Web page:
09/20/2021 | Press release | Distributed by Public on 09/20/2021 05:42
Right now, in the United States, we are celebrating Hispanic Heritage Month.
This celebration of the histories, cultures, and contributions of the Hispanic/Latino community in the United States first began as Hispanic Heritage Week in 1968. In 1988, it was expanded to a 30-day celebration starting with September 15 and ending on October 15.
The September 15 start day was very intentional, as it Independence Day for several Latin American countries including Costa Rica, Guatemala, and Honduras. Mexico and Chile celebrate their independence on September 16 and September 18, respectively.
Today, the diverse Hispanic/Latino community in the United States represents more than 60 million people with ancestors hailing from 22 countries across Mexico, the Caribbean, and Central and South America.
As we celebrate Hispanic Heritage Month our Sage colleagues have curated a reading list to help you expand your understanding of the Hispanic/Latino community and to support you in creating a more inclusive culture for your business and your community.
Award-winning journalist, Maria Hinojosa shares her experience of growing up Mexican American on the South Side of Chicago.
Drawing on research and her own personal story, journalist Paola Ramos chronicles how young Latinos across the United States are pushing boundaries and redefining their identities.
What can leaders, from any culture, learn from how Latinos lead? Juana Bordas offers ten principles that richly illustrate the inclusive, people-oriented, socially responsible, and life-affirming way Latinos have led their communities.
Anthropologist Roberto J. González shares the true story of how, against all odds, a remote Mexican village built its own autonomous cell phone network - without help from telecom companies or the government.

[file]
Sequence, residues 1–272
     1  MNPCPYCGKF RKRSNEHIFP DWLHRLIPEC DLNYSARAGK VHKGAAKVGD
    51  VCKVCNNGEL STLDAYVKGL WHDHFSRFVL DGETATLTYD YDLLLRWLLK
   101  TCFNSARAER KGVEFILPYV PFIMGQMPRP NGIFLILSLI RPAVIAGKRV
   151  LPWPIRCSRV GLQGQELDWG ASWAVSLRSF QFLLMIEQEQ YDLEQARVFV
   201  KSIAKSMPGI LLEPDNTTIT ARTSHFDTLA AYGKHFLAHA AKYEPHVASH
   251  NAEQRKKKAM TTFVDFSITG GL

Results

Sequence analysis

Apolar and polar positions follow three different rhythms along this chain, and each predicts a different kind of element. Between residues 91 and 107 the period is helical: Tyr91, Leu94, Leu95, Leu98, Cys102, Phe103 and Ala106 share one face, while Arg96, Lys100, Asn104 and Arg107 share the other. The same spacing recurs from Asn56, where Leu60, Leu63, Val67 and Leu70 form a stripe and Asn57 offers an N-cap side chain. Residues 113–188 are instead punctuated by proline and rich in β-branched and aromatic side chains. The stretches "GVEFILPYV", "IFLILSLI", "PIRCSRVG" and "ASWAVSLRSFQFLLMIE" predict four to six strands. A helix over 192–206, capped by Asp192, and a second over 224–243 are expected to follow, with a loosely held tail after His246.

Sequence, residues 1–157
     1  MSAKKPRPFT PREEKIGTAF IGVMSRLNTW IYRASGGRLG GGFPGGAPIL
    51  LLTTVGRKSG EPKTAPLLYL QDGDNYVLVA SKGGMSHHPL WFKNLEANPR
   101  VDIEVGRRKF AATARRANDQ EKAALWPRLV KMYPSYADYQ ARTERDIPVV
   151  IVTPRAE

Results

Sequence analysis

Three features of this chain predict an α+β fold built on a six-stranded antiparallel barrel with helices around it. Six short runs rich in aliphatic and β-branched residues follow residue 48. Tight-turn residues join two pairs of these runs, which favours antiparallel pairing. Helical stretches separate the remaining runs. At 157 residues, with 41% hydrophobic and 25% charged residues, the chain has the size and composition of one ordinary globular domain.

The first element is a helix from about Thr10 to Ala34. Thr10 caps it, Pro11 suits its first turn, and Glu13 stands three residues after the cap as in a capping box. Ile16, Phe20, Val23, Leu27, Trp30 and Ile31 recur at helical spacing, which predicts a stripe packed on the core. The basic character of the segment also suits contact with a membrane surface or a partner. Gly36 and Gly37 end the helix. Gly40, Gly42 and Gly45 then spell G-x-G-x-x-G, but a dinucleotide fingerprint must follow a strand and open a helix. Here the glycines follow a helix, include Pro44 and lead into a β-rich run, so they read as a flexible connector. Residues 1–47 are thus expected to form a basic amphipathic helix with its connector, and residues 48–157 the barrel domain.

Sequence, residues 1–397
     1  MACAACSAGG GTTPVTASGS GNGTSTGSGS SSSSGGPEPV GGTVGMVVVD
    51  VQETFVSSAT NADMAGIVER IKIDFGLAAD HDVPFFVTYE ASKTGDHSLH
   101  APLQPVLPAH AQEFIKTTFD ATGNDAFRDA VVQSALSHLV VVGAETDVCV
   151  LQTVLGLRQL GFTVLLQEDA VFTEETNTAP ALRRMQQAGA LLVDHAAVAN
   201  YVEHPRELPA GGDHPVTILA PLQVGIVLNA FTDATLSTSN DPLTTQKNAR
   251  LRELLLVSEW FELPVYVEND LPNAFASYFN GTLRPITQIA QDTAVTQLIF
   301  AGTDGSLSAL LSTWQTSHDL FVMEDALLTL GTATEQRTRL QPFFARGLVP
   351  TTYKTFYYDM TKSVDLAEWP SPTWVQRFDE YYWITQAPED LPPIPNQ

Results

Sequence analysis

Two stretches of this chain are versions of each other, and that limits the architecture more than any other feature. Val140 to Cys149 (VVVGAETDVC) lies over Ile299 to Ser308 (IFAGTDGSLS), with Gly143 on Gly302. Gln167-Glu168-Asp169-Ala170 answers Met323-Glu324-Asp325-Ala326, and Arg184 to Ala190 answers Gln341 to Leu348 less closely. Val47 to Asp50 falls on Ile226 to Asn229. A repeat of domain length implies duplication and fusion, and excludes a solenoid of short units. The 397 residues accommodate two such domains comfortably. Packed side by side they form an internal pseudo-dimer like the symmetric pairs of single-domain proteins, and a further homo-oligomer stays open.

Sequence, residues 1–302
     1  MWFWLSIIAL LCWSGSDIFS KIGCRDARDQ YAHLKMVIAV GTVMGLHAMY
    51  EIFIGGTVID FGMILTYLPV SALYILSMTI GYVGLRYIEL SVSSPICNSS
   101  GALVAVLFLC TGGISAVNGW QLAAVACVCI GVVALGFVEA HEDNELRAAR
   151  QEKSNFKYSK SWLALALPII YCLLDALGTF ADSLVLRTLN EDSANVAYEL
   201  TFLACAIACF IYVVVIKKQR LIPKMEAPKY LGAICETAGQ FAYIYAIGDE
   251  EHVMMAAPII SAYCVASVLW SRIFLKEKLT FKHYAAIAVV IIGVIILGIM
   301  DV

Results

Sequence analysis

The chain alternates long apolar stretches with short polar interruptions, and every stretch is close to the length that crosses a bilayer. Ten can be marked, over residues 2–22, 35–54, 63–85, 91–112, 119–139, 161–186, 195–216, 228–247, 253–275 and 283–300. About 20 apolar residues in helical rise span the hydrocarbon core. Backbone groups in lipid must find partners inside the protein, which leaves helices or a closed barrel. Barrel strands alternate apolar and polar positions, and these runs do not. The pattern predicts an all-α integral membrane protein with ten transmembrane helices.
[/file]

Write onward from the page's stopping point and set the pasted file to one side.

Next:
This modern literary classic by Nobel Prize-winning author Gabriel García Márquez, tells the story of Florentino Ariza and Fermina Daza who fall passionately in love in their youth. When Fermina eventually chooses to marry a wealthy, well-born doctor, Florentino is devastated, but he is a romantic. Florentino must wait fifty years, nine months, and four days after he first declared his love for Fermina, to be able to freely do so again.
When the Garcia girls arrive in New York City in 1960 from the Dominican Republic, they encounter a very different life then the one they left behind. What they have lost - and what they find - is revealed across 15 interconnected stories.
But where are you really from? When your mother considers another country home, it's hard to know where you belong. When the people you live among can't pronounce your name, it's hard to know exactly who you are. In Stubborn Archivist, a young British Brazilian woman from South London navigates growing up between two cultures.
Afro-Latina Xiomara Batista feels unheard. But she has plenty to say. She pours all her frustrations and passions onto the pages of her leather notebook. When she gets invited to join her school's slam poetry club, she doesn't know how she can attend without her Mami finding out. Yet, she can't stop thinking about performing her poems.
Told in a series of vignettes, The House on Mango Street is the remarkable story of Esperanza Cordero, a young Latina growing up in Chicago, inventing for herself who and what she will become.
Esperanza lived a privileged life in Mexico. But a sudden tragedy forces Esperanza and Mama to flee to California and settle in a Mexican farm labor camp. Esperanza isn't ready for the hard work, financial struggles brought on by the Great Depression, or lack of acceptance she now faces. Esperanza must find a way to rise above her difficult circumstances-because Mama's life, and her own, depend on it.
In this bilingual book, children can take a trip around our solar system with Ellen Ochoa, the first Latina in the world to travel into space.
Once upon a time there was a little boy who loved people and discovered the magic of words. When he grew up, he gave himself the pen name Pablo Neruda and wrote about the people of Chile and their stories of struggle.
When a girl is asked where she's from-where she's really from-none of her answers seems to be the right one. Unsure about how to reply, she turns to her loving abuelo for help. He doesn't give her the response she expects. She gets an even better one.
Do you have a book recommendation to celebrate Hispanic Heritage Month? Share it with us in the comments.
Looking for more reading recommendations? Visit our Sage Book Club hub for more reading lists.